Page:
About the only thing missing is the Magnavision process where the screen opened up wider for some of the aerial combat scenes, but as a viewing experience, the film looks and sounds fantastic.
I finally got around to seeing Dunkirk and it was different from what I expected, but still very good. Even though I'm familiar with Christopher Nolan, the narrative style surprised me. The pacing was very unique, and even though it wasn't quite as character-driven as other Nolan films, I thought it worked.
Cliffhanger is one of the best 'bad' movies ever. Just fun to watch from start to finish. Lithgow is hilariously over the top. Anytime my wife and I hear the name 'Walker' we go into this terrible accent shout-fest; "WALKER!!!!!!"
In Search of Haydn (2012, Phil Grabsky)
Papa Haydn - at least that's how Beethoven and Mozart reportedly saw him. It's a fine musical portrait after you get past the gushing commentary. One in the series of very good composer docs from Mr. Grabsky.
"Jonah Hex" (2010)
Josh Brolin stars as DC Comics' scar-faced Old West gunslinger, bounty hunter, and all around tough guy, who has to stop a crazed former Confederate general turned terrorist (John Malkovich) from attacking Washington D.C. with a super weapon on the day of America's Centennial.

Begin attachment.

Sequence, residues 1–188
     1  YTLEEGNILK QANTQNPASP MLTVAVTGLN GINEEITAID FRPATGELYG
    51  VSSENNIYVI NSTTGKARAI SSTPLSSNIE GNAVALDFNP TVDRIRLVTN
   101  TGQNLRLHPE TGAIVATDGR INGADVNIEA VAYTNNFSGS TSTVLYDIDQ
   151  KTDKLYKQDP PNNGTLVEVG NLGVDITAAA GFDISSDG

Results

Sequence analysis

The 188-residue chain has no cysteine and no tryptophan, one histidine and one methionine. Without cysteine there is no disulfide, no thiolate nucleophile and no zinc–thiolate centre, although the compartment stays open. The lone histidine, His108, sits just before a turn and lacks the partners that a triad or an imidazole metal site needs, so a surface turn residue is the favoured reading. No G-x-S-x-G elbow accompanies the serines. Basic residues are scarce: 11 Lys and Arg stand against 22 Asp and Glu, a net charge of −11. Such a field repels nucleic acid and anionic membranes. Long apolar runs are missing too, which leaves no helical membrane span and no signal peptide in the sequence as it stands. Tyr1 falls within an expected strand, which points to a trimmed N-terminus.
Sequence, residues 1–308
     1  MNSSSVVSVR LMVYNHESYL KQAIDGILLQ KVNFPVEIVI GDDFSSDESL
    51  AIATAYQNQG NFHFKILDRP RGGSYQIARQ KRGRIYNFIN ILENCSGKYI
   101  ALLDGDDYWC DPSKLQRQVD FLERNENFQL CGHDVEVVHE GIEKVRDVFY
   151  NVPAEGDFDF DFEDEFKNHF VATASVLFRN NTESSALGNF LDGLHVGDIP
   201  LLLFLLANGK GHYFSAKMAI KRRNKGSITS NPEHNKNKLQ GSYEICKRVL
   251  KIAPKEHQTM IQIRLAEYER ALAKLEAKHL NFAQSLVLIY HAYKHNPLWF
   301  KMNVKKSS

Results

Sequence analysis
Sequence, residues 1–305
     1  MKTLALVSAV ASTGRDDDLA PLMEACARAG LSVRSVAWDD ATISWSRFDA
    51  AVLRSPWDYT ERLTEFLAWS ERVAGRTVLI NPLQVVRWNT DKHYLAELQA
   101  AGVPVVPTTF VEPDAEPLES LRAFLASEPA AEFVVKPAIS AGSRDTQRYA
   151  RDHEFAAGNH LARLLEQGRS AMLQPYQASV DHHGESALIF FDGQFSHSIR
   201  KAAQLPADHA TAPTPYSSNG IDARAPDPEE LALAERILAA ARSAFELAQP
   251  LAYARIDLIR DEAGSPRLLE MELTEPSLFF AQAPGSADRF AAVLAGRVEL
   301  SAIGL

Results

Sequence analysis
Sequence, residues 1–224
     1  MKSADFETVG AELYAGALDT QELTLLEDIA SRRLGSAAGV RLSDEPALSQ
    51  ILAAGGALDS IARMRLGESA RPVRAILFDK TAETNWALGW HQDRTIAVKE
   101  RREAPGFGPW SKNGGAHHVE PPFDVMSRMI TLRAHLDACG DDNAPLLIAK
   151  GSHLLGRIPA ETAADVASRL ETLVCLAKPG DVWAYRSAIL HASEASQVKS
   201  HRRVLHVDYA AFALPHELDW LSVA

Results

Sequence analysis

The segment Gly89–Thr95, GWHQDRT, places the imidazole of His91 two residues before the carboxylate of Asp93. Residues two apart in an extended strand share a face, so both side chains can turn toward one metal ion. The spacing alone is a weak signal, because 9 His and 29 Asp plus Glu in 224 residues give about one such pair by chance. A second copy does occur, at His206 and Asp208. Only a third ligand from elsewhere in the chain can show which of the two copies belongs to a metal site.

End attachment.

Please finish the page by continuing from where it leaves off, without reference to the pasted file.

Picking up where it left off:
This entertainingly dumb shoot'em-up/blow'em up was subject to constant behind-the-scenes drama and interference during filming so what wound up on screen is a bit of a disjointed mess. It's not as bad as you've probably heard, but it's nowhere near as bad-ass as it could've, and should've been, either.
"Scream: The Inside Story" (2011)
Another Biography Channel horror-film documentary, this time telling the story of the 1996 hit which re-ignited Wes Craven's career and gave the horror genre a much needed jump start. As usual, there are lots of interviews and stories told by cast and crew members. Entertaining stuff if you're a fan of the series.
Salt of the Earth, documentary of Sebastião Salgado (2015 Bluray)
Green Lantern BR...I like Ryan Reynolds.
'The Human Condition" (1959-61) (Kobayashi)
Epic. A much overused word, but it fits in this case. One man's journey in search of himself and of some kind of greater truth. Ideals are lost, perspective gained, and war rages.
Tatsuya Nakadai gives a sustained, masterful performance over 9-1/2 hours that puts him in the company of Gunther Lamprecht in "Berlin Alexanderplatz."
This is one to re-visit. The Arrow set is gorgeous.
Yep. Except the Fassbinder film starts out very strong and seems to lose momentum while the Kobayashi movie gets more intriguing - and more poignant. Though its one of my favorite from the driven filmmaker I'm not sure where Fassbinder was going with BA. Should probably read the Döblin novel to see how Fassbinder twisted it.
Matewan (1987, John Sayles)
Labor Day pick. Rewatching it, really. Union guy comes to a mining town harassed by the powerful local coal company. Essential viewing even if you hate unions.